Special Events

THANKS FOR THE MEMORIES

EVERYONE LOVES TO get gifts, and event guests are no exception. It's not just pricey presents that make an impression, either. Whether costly or cheap, well-chosen gifts and favors personalize special events while creating cherished keepsakes for guests.

GET PERSONAL

Personalization continues to be the trend in event favors. At Indianapolis-based wedding accessories supplier Cathy's Concepts, “We're seeing a trend toward unique products such as personalized cosmetic bags for wedding attendant gifts,” says director of sales Vicki Hardin. “Things like engraved picture frames and trinket boxes are still popular, but we're definitely seeing a shift to more contemporary products that can be used every day.” In addition to cosmetics bags, the company carries a collection of gifts, such as wristlet bags and jewelry holders, that can be monogrammed. For groomsmen, the chic style of a silver-plated pocket watch — engraved with the recipient's initials, of course — creates a timeless memento.

Functional items are also all the rage at Beaucoup, which carries a large collection of upscale party favors, gifts and decor items for occasions ranging from weddings to corporate events. The company's colorful, miniature blown-glass salt and pepper shakers can be used by guests during an event, then taken home as keepsakes. Silver-plated luggage tags make “a practical gift that is great for guests who are traveling from afar to attend events [such as] corporate meetings or destination weddings,” notes Polly Liu, president of the Mountain View, Calif.-based company. The line includes a silver-plated rectangular tag, as well as whimsical airplane, cruise ship and golf club shapes to match event themes. The tags can also do double-duty as clever place card holders for dining tables.

INCREDIBLE EDIBLES

While they won't keep forever, edible gifts — especially personalized ones — are an inexpensive way to make events memorable. The chocolate souvenirs created by the Chocolography Food Imaging System from the Chocolate Printing Co. in Inwood, N.Y., are a huge hit at children's events, fund-raisers and conventions, notes CEO Mark Weiss. The innovative system can take a photograph of a guest, then print a high-resolution copy of the image directly onto a chocolate surface. The process uses FDA-approved ink made from food coloring that allows for the creation of four-color photographs, logos and text, Weiss explains. The company's range of chocolate products includes white, milk and dark varieties of chocolate bars, lollipops and business cards that can be imprinted with images.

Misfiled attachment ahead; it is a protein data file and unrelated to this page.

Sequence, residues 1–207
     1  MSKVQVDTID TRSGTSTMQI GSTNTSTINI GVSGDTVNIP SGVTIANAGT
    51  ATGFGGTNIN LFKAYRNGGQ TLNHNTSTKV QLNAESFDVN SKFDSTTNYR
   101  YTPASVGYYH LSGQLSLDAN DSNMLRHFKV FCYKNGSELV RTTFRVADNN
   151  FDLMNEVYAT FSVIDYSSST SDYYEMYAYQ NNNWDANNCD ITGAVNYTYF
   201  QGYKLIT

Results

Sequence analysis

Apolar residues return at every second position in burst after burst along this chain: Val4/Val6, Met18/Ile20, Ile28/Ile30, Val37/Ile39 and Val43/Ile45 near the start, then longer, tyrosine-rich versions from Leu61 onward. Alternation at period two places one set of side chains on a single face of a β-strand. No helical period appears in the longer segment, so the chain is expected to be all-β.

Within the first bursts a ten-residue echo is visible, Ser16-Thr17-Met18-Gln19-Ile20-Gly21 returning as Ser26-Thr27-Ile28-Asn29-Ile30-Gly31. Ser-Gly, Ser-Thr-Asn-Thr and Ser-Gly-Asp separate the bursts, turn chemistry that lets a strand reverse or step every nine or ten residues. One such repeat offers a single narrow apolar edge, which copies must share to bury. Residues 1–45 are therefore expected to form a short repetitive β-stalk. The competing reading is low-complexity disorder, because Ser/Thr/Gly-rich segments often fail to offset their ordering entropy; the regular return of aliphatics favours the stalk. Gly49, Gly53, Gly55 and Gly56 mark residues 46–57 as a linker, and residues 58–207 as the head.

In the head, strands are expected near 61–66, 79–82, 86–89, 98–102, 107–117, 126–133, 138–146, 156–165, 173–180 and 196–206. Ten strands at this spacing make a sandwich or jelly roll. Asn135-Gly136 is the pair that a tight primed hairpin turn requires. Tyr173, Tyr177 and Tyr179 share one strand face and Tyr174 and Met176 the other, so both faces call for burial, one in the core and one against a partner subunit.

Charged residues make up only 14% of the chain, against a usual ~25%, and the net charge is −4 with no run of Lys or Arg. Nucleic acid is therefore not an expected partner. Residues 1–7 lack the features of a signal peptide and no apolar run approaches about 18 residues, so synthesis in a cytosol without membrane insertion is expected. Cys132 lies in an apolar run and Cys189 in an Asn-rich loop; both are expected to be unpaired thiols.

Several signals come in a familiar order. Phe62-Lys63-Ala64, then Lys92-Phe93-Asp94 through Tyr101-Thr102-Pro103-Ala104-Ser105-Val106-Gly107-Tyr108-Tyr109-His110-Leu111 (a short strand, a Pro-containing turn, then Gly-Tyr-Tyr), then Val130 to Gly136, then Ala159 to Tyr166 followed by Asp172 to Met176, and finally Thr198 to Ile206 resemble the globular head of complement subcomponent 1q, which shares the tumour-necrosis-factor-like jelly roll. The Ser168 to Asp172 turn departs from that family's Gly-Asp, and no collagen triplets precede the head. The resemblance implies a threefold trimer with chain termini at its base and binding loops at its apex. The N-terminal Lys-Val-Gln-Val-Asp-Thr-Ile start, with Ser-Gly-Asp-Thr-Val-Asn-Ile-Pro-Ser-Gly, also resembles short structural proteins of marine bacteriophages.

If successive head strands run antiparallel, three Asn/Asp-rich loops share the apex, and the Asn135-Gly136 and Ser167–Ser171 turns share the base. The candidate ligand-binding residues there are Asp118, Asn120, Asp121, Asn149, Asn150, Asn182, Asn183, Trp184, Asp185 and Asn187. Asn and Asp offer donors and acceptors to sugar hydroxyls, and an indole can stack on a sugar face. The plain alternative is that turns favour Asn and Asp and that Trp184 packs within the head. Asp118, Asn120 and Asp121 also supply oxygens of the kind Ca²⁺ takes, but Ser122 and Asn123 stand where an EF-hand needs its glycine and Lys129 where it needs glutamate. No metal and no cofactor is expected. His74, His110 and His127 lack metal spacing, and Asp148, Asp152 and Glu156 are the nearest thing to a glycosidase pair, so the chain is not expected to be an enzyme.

Tasty treats are also among the best-selling products at Beaucoup. “Edible favors are very popular because they can be enjoyed by guests of all ages,” Liu explains. The company recently introduced custom-designed butter cookies available in eye-catching designs that match most event themes, from flowers and palm trees to martini glasses and handbags. Customized mint tins — printed with event details and filled with peppermints — are another crowd-pleaser.

LIGHT OF THE PARTY

Light-up items continue to electrify event guests, and the range of neon and lighted favors available — from flashing pins to glowing glasses — is impressive.

Judith Mutton, president of The Cube Lady in Fort Lauderdale, Fla., has seen demand for the Litecubes her company distributes soar over the last four years. And, of course, personalizing the cubes with logos and messages is a must: “I've helped event planners with more customized Litecubes in the last six months than I did in the first three years of the product's life,” she says.

Original Litecubes continue to sell well — thanks in part to the addition of new colors, including the color-changing Rainbow version — but new shapes are also keeping the cubes fresh. The dice-shaped Lites D'ice are big for “casino night” themes, while the golf ball-shaped version is a hit at sports events. And although light-up ice cubes are familiar to many event professionals, “It's still amazing to me that a huge percentage of party attendees have never experienced what we call ‘the power of the cube,’” Mutton laughs. “It's wonderful that the idea of a lit drink is as fresh for most of the general population as it was [for us] in the beginning.”




RESOURCES

Beaucoup, 877/988-2328; Cathy's Concepts, 800/969-7417; Chocolate Printing Co., 502/742-3733; The Cube Lady, 877/399-5645

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